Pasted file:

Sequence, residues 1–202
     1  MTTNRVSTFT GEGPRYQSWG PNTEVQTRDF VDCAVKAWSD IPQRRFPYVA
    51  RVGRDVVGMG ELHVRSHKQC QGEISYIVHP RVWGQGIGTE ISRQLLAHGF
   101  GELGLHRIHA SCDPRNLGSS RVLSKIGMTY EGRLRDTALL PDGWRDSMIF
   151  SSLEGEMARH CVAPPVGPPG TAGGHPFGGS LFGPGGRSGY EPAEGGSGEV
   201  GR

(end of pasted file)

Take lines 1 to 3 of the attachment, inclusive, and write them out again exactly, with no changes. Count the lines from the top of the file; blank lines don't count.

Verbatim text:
Sequence, residues 1–202
     1  MTTNRVSTFT GEGPRYQSWG PNTEVQTRDF VDCAVKAWSD IPQRRFPYVA
    51  RVGRDVVGMG ELHVRSHKQC QGEISYIVHP RVWGQGIGTE ISRQLLAHGF